Health care project in Haiti

by Roger Annis
(Note: This report contains corrected figures as of August 22.)

PORT AU PRINCE, HAITI, August 19–Three months ago, a group of nurses and other health care professionals joined together to form the Syndicat haitien des professionels(elles) de santé (SHPS–Haitian Union of Health Professionals). Their mission is to provide health care to towns throught central ande southern Haiti through the use of mobile health clinics.

This extraordinary project is supported by the transport workers of the APCH union. The health workers travel by bus to outlying areas to provide consultations, care and medications. They charge 50 gourdes (US$1.50) for a consultation and for medication if needed. That compares to 100 gourdes for a consultation in the feeble public health system and many hundreds of additional gourdes if medication is required. They receive no government support at this time because, they are told, no such resources exist.

The group receives some funding and equipment from such non-governmental organizations as Solidarité, Aide médicale internationale, and Médecins du monde. But it’s far from enough. The group must buy the medicine it dispenses out of its own members’ pockets, and the group does not yet have an office from which to operate.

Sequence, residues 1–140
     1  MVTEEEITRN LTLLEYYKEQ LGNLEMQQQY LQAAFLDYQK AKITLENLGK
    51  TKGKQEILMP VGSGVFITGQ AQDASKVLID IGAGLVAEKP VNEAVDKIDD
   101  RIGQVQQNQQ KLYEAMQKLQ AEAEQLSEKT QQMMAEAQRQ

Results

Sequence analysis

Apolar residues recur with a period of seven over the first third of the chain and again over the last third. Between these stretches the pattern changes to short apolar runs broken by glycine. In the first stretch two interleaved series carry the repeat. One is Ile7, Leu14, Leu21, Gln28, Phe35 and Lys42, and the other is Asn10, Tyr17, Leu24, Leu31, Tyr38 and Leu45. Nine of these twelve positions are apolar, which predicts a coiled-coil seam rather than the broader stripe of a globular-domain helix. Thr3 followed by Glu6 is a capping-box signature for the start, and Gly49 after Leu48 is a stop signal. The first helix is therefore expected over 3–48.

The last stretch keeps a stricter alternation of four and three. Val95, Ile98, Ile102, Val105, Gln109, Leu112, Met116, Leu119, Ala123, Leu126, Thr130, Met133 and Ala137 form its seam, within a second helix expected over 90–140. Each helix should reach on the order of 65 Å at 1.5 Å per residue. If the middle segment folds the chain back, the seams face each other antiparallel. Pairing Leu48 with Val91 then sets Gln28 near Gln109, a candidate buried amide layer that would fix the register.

Association spokesperson Jean Baptise Marie Michelle told this writer, “In Haiti, public health is in very poor condition. Our work may not be able to last for more than a few more months if we do not receive financial support.”

Life expectancy in Haiti is a 57 years, one of the lowest rates in the world. Infant mortality is 63.8 per 1,000 live births. (This compares to rates of 78 years and 6.7 per 1,000 resp. in the United States.) Deadly diseases such as malaria, HIV/AIDS and tuberculosis are widespread. In Port au Prince, a city of 2 million people, there are only 820 hospital beds. In the Pistelle, Couriel, and Beaumont regions (“communes”) of Grand Anse Department, there is only one doctor to serve a population of 140,000.

The members of the SHPS came together because they were dissatisfied at their jobs in public hospitals or private clinics. Salaries are low, especially in the public system, and work conditions are poor. Cleaners in public hospitals, for example, earn the minimum wage or slightly above, 70 gourdes (US$2) per day. A typical nurse’s salary is $5 per day.

Nurses in private clinics and hospitals earn more than in public hospitals, but work conditions and benefits are equally poor.